Reliever’s homer for Brewers opens floodgates against Dodgers in Game 1
moment that opened the floodgates for the Brewers. Four runs later, the Brewers had chased Kershaw from the game.
In their first NLCS appearance since 2011, the Brewers looked comfortable and carefree. The Dodgers, making their third straight NLCS appearance, and their fourth in six years, played sloppily until they rallied late in the game.
For all of his regular-season success, Kershaw does not have a particularly stellar postseason résumé. He went into the game with an 8-7 record over 13 postseason series and, on Friday, produced the shortest playoff outing (three innings) of his career.
Kershaw’s command was not sharp, and the Brewers’ hitters did not bite on balls outside the strike zone. Staked to a 1-0 lead by a home run from Manny Machado, Kershaw lost it to Woodruff. Then a Hernan Perez sacrifice fly drove in Lorenzo Cain and doubled the Brewers’ lead.
As it has all postseason, everything seemed to go the Brewers’ way.
With Manny Pina on base after a walk in the fourth inning, Orlando Arcia singled to left field, but Chris Taylor could not field the ball cleanly, giving each runner an extra base. This proved critical when the next batter, pinch hitter Domingo Santana, singled off a fastball down the middle of the strike zone and drove both runners home. After that, Kershaw was done.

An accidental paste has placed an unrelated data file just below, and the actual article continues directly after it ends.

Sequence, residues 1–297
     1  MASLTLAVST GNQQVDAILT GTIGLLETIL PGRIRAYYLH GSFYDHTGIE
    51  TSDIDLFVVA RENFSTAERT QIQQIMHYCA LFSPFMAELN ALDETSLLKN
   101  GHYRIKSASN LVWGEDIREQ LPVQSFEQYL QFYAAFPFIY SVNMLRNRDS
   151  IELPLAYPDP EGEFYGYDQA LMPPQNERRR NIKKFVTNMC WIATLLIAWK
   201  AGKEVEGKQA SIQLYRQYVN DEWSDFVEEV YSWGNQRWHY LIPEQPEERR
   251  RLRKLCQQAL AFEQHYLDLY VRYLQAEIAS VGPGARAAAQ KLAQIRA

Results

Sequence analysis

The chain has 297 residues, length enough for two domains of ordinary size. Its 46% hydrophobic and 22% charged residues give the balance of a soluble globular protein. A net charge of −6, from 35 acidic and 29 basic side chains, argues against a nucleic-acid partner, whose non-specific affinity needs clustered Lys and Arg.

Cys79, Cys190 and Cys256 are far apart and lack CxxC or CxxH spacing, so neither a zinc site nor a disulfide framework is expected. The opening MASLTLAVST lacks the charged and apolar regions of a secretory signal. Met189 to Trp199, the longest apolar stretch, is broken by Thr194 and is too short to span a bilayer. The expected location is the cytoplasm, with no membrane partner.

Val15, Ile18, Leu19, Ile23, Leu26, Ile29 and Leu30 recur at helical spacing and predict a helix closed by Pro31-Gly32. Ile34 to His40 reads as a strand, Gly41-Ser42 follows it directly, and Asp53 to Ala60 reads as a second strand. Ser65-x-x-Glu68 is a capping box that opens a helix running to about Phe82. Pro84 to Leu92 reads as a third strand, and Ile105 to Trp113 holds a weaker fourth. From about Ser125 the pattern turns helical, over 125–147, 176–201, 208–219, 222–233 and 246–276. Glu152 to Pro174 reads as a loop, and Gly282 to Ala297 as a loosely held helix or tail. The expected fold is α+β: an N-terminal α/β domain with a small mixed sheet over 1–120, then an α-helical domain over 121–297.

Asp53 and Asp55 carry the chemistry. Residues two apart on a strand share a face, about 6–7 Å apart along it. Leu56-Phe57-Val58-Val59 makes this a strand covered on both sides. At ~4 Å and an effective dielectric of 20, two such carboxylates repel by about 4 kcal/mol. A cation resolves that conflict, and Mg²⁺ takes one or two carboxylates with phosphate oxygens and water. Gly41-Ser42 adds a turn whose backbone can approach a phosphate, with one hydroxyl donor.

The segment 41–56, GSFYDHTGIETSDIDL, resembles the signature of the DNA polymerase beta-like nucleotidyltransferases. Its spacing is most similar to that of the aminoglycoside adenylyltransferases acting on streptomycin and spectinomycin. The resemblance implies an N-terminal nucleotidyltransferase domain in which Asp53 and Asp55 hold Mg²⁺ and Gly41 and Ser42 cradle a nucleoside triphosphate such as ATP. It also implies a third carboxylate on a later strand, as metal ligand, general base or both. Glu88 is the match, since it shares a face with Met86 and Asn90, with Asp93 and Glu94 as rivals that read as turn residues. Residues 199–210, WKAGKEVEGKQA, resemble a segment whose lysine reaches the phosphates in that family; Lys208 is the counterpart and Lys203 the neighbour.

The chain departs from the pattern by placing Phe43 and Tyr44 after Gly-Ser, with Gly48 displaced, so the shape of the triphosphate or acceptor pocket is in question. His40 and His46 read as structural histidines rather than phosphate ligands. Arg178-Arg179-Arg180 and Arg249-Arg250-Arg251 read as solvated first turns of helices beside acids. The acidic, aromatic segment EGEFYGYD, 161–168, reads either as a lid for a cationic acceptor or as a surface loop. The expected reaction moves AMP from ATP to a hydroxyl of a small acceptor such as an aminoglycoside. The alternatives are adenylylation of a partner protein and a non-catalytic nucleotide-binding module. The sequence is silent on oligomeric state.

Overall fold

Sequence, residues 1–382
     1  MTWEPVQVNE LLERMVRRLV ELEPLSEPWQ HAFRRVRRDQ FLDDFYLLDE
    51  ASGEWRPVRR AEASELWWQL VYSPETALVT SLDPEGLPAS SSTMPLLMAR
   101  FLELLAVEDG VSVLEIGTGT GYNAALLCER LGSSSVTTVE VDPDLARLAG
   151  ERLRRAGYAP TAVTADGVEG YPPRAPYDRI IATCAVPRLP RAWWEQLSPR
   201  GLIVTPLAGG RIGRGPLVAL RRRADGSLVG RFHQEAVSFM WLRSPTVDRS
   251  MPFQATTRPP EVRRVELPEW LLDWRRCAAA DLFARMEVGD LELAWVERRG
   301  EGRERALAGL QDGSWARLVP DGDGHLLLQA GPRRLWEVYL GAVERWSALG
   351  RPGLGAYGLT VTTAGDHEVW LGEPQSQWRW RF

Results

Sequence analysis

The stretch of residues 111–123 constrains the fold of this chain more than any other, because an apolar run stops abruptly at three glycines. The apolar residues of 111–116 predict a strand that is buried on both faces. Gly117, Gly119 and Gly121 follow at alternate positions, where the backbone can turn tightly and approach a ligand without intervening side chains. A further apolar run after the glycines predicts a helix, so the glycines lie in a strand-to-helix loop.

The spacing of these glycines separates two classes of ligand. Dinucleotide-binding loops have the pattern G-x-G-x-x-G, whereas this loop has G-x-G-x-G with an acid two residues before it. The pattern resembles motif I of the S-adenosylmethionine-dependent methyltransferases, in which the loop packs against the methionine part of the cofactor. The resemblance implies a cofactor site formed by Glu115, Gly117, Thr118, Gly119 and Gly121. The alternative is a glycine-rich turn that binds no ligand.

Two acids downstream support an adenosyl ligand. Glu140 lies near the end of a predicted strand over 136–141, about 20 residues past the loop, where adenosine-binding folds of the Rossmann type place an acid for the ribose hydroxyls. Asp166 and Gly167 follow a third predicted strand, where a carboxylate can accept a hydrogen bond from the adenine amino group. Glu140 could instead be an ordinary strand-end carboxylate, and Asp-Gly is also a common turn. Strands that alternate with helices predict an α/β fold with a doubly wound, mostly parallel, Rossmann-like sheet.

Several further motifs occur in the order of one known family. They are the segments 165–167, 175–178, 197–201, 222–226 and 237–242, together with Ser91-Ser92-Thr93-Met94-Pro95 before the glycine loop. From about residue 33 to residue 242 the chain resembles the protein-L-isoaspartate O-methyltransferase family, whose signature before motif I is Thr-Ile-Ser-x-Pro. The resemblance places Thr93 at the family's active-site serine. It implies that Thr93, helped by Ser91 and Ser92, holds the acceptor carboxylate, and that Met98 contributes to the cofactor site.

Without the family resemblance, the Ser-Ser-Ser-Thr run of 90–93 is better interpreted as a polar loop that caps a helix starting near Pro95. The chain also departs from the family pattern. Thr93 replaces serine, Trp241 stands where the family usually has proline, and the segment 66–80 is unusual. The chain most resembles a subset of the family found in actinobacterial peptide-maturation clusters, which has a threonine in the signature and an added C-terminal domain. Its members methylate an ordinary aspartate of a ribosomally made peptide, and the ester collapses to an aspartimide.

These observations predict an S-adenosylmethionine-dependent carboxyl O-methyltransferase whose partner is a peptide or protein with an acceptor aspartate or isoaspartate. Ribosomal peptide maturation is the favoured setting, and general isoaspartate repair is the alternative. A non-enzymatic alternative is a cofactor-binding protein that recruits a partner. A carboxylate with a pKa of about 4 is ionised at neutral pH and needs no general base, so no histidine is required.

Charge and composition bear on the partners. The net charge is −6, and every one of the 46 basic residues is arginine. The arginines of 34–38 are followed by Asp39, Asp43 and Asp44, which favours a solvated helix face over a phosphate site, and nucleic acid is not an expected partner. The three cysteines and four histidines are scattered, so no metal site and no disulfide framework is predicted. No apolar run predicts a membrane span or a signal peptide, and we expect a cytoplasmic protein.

Then, after Santana was ruled out on an attempt to steal second, Brewers manager Craig Counsell challenged the play. It was overturned. Soon thereafter, Ryan Braun singled in Santana for a 5-1 lead. Jesus Aguilar added a solo homer in the seventh to push the lead to 6-1.
Taylor was not alone in undermining the Dodgers and Kershaw. Dodgers catcher Yasmani Grandal committed two passed balls and two errors, including a catcher’s interference, all by the third inning.
Milwaukee, on the other hand, played soundly and aggressively. As the Brewers have shown throughout this season, they are solidly among the teams that want to move away from the traditional interpretations of starting and relief pitcher. So after starter Gio Gonzalez gave up the home run to Machado and completed the second inning, Counsell told Woodruff to take Gonzalez’s place on the mound and in the batting order.
Woodruff fired two electric innings, striking out four and flashing a 97 mph fastball.
Josh Hader, the star reliever, followed with three spotless innings. Their heirs in the eighth inning ran into some trouble, allowing three runs to necessitate an early appearance by closer Jeremy Jeffress. Corey Knebel closed out the win in the ninth but not before the Dodgers pulled within a run. They had a runner on third as Justin Turner struck out to end the game.
Before Woodruff could take the mound, the pitcher’s No. 9 spot in the batting order led off the bottom of the third inning.
While in the minor leagues, Woodruff, a Brewers 11th-round pick in the 2014 draft, swung the bat well for a pitcher. Two seasons ago in Class AA, he hit .292 (7 for 24) and blasted a home run.
This season with the Brewers, he went 2 for 8 with a home run. Then came Friday’s shot, off a three-time Cy Young Award winner.
After the ball bounced off the railing beyond the center field fence, Miller Park erupted and Woodruff raced around the bases.
Running past first, he turned toward the home dugout, screamed and pumped his arms. Kershaw looked down and away. The home run was measured at 407 feet.
In the dugout, Gonzalez, who would have been batting instead of Woodruff, bounced up and down with his arms in the air.
The Dodgers, making their third straight NLCS appearance, played sloppily until they rallied late.